TDs 51575, toms Form 3093 to permit the holder to board an incoming vessel after it has been 53816. inspected by the quarantine authorities and taken in charge by an officer of the customs, as follows; (1) to persons on official business; (2) to news reporters, newspaper photographers, photographers of established motion-picture companies, and broadcasters of established radio-broadcasting companies; and (3) in cases of special exigency in which the collector is satisfied as to the urgent need for the boarding and that its allowance will not result in undue interference with the performance of official business.
(e) No person in charge of a tugboat, rowboat, or other vessel shall bring such conveyance alongside an incoming vessel heretofore described and put on board thereof any person, except as authorized by law or regulations.
(f) Upon application on customs Form 3137 or in other suitable manner, a collector may, in his discretion, issue a pass on customs Form 3095 to go on the dock to meet persons arriving from abroad.
(g) Term cutter and dock passes, for a period of not to exceed one year, may be issued in the discretion of the collector, to persons on official business and to duly accredited news reporters and newspaper photographers. Passes are not transferable and shall be forfeited upon presentation by others than those to whom issued. (Sec. 9, 22 Stat. 189, as amended, secs. 1, 2, 3, 31 Stat. 58, as amended; 46 U. S. C. 158, 163.)
4.2 Reports of arrival of vessels.-da) The report of arrival required by sec- BMIN/BM 212, tion 433, Tariff Act of 1930,' shall be made by any means of communication to the 3/16/39. collector of customs or to a customs officer assigned to board the vessel.
(Footnote a continued)
"Whoever, not being in the United States service, and not being duly authorized by law for the purpose, goes on board any vessel about to arrive at the place of her destination, before her actual arrival, and before she has been completely moored, shall be fined not more than $ 200 or Imprisoned not more than six months, or both.
"The master of such vessel may take any such person into custody, and deliver him up forthwith to any law enforcement officer, to be by him taken before any committing magistrate, to be deal with according to law." (18 U. S. C. 2279.)
"If, within twenty-four hours after the arrival of any vessel at any port in the United States, any person, then being on board such vessel, solicits any seaman to become a lodger at the house of any person letting lodgings for hire, or takes out of such vessel any effects of any seaman, except under his personal direction, and with the permission of the master, he shall, for every such offense, be punishable by a fine of not more than $ 50, or by imprisonment for not more than three months. This section shall apply to vessels of the United States engaged in the foreign trade and to foreign vessels." (46 U, S. C. 709.)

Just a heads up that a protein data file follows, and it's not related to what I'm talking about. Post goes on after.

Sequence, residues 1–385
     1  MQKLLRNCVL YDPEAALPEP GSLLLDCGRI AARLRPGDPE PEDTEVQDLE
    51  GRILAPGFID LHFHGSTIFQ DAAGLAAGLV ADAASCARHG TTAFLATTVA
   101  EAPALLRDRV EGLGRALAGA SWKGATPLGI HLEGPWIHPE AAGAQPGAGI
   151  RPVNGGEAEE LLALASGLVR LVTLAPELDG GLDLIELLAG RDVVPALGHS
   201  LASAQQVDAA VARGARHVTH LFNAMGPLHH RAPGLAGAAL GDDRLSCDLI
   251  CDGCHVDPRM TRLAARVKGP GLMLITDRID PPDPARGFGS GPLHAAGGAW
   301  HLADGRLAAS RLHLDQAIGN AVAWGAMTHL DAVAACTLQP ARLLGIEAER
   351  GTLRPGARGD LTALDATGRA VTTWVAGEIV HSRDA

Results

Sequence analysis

*A vessel from a noncontiguous foreign place carrying steerage passengers.
g"Within twenty-four hours after che arrival of any vessel from a foreign port or place, or of a foreign vessel from a domestic port, or of a vessel of the United States carrying bonded merchandise, or foreign merchandise for which entry has not been made, at any port or place within the United States at which such vessel shall come to the master shall, unless otherwise provided by law, report the arrival of the vessel at the nearest customhouse, under such regulations as the Secretary of the Treasury may prescribe." (Tariff Act of 1930, sec. 433; 19 U. S. C. 1433.)
***. For the purposes of sections 432, 433, 434, 448, 585, and 586 of this Act, any vessel which has visited any hovering vessel shall be deemed to arrive or have arrived, as the case may be, from a foreign port or place." (19 U, S. C. 14322.)
"The term "hovering vessel' means any vessel which is found or kept off the coast of the United States within or without the customs waters, if, from the history, conduct, character, or location of the vessel, it is reasonable to believe that such vessel is being used or may be used to introduce or promote or facilitate the introduction or attempted int roduction of merchandise into the United Sutes in violation of the laws respecting the revenue • •." (Tariff Act of 1930, sec. 401 (a), as amended; 19 U, S. C. 1401 (n).)
(Continued on Page CR-52)
(2nd Rev. - Feb. 1964)